Researchers tackling deadly TB discuss the way forward in treatment and prevention

Researchers from across the world who are tacking the deadly bacterial disease tuberculosis (TB) attended a symposium at St George's, University of London to discuss the way forward in treatment and prevention.

TB is one of the top 10 causes of death worldwide and in 2016, 10.4 million people fell ill with the disease and another 1.7 million died. Many of the deaths - 95% according to the World Health Organization - are among people have immune systems damaged by HIV.

The International Consortium for Trials of Chemotherapeutic Agents in Tuberculosis (INTERTB) group of experts meeting at St George's was organized by Dr Amina Jindani, an Honorary Senior Lecturer.

So INTERTB is a consortium of all the groups in the world who carry out trials to improve treatment for drug-sensitive TB, and they have met annually at St George's since 2009.

Dr Jindani was involved in some of the first TB drugs trials 50 years ago.

She explained: "When I started working in TB, the treatment was 18 months, and although the regimen was very effective, 18 months was just too long, and very few people completed the treatment.

"When two new drugs became available in the 1960s, rifampicin and pyrazinamide, from preclinical studies, it was thought that they would be able to shorten the treatment duration. The very first short course study that was ever done using these two drugs was done by the MRC, and I coordinated it in 42 centers in Kenya, Tanzania, Uganda and Zambia."

Dr Jindani explained: "In spite of having a very effective six month treatment, the annual incidence is not decreasing; and the annual mortality remains at nearly 2 million in this is a curable disease. Why should 5000 people globally a day die of a curable disease? In any other situation it would be an outrage."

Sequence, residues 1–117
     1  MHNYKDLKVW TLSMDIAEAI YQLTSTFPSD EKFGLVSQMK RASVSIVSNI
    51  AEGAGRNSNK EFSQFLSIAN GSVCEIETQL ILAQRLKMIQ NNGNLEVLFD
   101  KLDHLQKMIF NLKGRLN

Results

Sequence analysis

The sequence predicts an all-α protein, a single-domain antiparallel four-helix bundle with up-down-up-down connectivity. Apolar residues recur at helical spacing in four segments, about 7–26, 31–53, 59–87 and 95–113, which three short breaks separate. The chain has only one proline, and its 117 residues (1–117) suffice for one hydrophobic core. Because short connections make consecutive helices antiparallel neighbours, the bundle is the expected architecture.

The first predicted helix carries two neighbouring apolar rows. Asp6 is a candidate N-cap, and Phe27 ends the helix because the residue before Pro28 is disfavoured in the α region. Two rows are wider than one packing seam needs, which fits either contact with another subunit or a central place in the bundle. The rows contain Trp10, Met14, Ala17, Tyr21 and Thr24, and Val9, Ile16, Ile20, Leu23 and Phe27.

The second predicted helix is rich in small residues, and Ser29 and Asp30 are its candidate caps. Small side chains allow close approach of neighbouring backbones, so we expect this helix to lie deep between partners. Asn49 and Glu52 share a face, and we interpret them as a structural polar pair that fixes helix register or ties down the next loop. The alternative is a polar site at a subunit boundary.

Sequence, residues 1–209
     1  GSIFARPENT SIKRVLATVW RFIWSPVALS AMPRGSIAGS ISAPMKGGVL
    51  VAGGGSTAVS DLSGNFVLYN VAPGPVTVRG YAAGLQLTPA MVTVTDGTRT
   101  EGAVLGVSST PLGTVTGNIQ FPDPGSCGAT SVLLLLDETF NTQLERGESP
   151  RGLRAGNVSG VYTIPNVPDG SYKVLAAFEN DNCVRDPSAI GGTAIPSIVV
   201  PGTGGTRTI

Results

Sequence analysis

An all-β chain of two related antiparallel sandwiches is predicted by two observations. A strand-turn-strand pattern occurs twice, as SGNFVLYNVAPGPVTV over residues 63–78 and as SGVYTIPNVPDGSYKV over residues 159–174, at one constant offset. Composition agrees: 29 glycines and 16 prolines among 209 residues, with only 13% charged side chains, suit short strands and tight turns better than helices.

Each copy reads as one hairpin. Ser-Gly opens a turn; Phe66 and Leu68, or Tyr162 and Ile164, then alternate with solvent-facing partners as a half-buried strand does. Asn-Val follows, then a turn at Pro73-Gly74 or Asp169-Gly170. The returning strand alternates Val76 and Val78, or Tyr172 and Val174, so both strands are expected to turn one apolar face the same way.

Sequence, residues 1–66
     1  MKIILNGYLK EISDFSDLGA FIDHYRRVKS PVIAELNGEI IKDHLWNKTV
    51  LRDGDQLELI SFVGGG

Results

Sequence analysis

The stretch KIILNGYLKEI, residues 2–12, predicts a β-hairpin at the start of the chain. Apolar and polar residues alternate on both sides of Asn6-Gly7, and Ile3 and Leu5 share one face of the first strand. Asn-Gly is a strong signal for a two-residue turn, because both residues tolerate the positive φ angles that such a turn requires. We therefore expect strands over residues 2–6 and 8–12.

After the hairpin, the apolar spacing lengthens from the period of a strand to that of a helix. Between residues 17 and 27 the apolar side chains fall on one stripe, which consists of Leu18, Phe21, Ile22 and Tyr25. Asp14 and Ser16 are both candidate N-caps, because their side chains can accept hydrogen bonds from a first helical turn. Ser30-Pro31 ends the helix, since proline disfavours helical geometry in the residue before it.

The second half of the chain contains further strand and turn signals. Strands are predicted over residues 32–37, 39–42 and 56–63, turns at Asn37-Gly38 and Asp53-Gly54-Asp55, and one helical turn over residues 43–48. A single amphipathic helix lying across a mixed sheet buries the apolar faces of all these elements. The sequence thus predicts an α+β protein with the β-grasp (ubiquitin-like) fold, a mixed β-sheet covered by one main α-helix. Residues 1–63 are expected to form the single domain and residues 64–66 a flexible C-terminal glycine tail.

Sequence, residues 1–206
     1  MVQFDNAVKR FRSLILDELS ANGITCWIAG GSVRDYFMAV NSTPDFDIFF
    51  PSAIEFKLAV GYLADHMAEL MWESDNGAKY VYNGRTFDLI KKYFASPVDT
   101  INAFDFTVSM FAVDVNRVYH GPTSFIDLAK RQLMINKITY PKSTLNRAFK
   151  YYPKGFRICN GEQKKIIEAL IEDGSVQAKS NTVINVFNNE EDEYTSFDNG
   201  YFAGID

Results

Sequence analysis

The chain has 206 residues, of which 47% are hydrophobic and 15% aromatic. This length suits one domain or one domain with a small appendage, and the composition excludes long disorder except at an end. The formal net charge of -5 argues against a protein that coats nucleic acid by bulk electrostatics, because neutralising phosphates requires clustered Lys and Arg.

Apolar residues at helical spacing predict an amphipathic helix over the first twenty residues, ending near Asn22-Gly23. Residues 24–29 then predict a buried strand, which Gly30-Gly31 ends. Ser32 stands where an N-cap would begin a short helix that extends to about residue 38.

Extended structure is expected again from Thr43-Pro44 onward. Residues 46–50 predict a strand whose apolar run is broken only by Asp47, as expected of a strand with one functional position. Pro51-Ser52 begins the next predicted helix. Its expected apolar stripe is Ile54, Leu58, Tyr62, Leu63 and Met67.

"We have a safe, well-tolerated, highly effective treatment regimen but six months is still too long. After the first two months they feel well again, and so they stop taking their treatment.

"Then they relapse - if they relapse with drug-sensitive organisms that's fine, but sometimes they relapse with drug-resistant organisms.  What we need is an effective vaccine, but in the absence of that, the only thing we can do to encourage compliance and completion of treatment, and increase the cure rates, is to reduce treatment duration."

Rather than use new drugs, Dr Jindani's main efforts are going into making one of the existing drugs - rifampicin - more effective by increasing its dose in the hope that treatment can come down to four months.

She is leading a new trial, RIFASHORT, to test using higher doses of rifampicin, and to have just four months of treatment.

She said: "In one arm we're doubling the dose of rifampicin, in another we're tripling the dose of rifampicin for four months", she said, "because we have some pre-clinical evidence that that might kill off the persisting bacteria, and that's the aim now, to eliminate the persistent bacteria".

Another St George's expert, Professor Julia Critchley is Professor of Epidemiology in the Population Health Research Institute, spoke to the delegates at the INTERTB meeting about her concerns regarding the concern that people with diabetes are three-times more likely to get TB than people without diabetes, possibly because their immune system is less effective in a way that the TB bacteria exploit.

Genetic factors and diet changes are considered the most probable causes of the rise in diabetes in Africa and Asia.

Dr Jindani said, "So Indians have a genetic disposition to developing diabetes. In the other countries, diets are changing. For example in the past I never saw a fat person in Africa, and now I do, because they're all eating junk food. There again the levels of diabetes are going up exponentially, and they risk getting TB."

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